Court blocks request for access to MEPs’ expenses

Investigative journalists, including Gavin Sheridan, had sought access to the data

Court of Justice of the European Union said the  documents were  protected by the EU institutions’ freedom of information regime. Photograph: Getty

Court of Justice of the European Union said the documents were protected by the EU institutions’ freedom of information regime. Photograph: Getty

 

A request by reporters for access to the details about MEPs’ expenses has been denied by the EU’s court.

The court on Tuesday endorsed a previous refusal by the European Parliament on the grounds that it had legitimately protected the privacy of the MEPs and that the documents were therefore protected by the EU institutions’ freedom of information regime.

The court ruled the mere fact that the requested personal data are closely linked to public data on MEPs does not mean that the data cannot be characterised as personal data.

The Luxembourg-based Court of Justice of the European Union (ECJEU) was ruling on freedom of information document requests to the European Parliament by a group of 28 investigative journalists known as the “MEPs Project”.

Among them is Irish online journalist and blogger Gavin Sheridan.

The refusal by parliament in September 2015 to hand over the documents was appealed to the ECJEU.

The documents relate primarily to unvouched expenses for MEPs worth €4,416 a month to each of them, the General Expenditure Allowance (GEA), which is notionally intended for rent for offices in their constituencies and stationary - at a total cost to taxpayers of €40 million a year.

The payments are given to MEPs as a lump sum in addition to their regular pre-tax monthly salary of €8,611, of a budget of up to €24,164 for office staff, and a daily subsistence allowance for personal expenses during sessions of €307 per day, the latter, tax-free.

Unlike other payments, MEPs do not have to retain any records on the GEA or tell their constituents what the cash is spent on.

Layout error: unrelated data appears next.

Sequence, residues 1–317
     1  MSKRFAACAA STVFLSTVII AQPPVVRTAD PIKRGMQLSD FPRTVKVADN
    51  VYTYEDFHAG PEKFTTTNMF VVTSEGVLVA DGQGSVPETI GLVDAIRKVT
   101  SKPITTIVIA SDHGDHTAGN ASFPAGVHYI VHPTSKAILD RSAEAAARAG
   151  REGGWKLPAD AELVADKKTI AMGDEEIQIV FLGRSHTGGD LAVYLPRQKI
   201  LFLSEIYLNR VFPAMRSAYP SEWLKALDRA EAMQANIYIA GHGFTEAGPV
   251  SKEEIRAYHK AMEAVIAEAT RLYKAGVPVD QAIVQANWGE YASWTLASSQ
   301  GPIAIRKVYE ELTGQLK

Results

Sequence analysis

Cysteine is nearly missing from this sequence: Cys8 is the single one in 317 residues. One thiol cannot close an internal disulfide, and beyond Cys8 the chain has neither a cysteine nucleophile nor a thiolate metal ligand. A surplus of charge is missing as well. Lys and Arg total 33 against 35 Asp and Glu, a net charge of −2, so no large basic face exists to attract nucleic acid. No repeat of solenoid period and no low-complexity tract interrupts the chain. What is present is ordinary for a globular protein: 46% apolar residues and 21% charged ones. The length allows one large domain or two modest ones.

An investigation by the journalists in 2015 found, among other things, that many MEPs were using the money that was paid directly to their personal accounts to pay their national parties for rent, improperly subsidising those parties, that many did not have offices, and that few returned any unspent balance.

According to the parliament, between 2010 and 2015 as few as five to 20 MEPs per year out of the 750 members reimbursed the institution.

The group reported “it appears the parliamentarians themselves have a rather varied understanding of how the GEA may be used.

“Many of them claimed to use the whole sum every month on office equipment, internet subscriptions and other work-related costs. Some also included travel expenses for visitors, charity donations and payments to their national party as a ‘general expenditure’.”

In July the parliament’s governing body voted down proposals to introduce some accountability by requiring MEPs to keep their GEA receipts, have these checked by an external auditor, or even publish this information.

The CJEU found the journalists had failed to show how the transfer of personal data at issue is necessary to ensure an adequate review of the expenditure incurred by MEPs to fulfil their mandate.

The court considered the disclosure of an edited version of the documents requested expunged of all personal data (including the names of the MEPs) would have deprived them of any useful effect.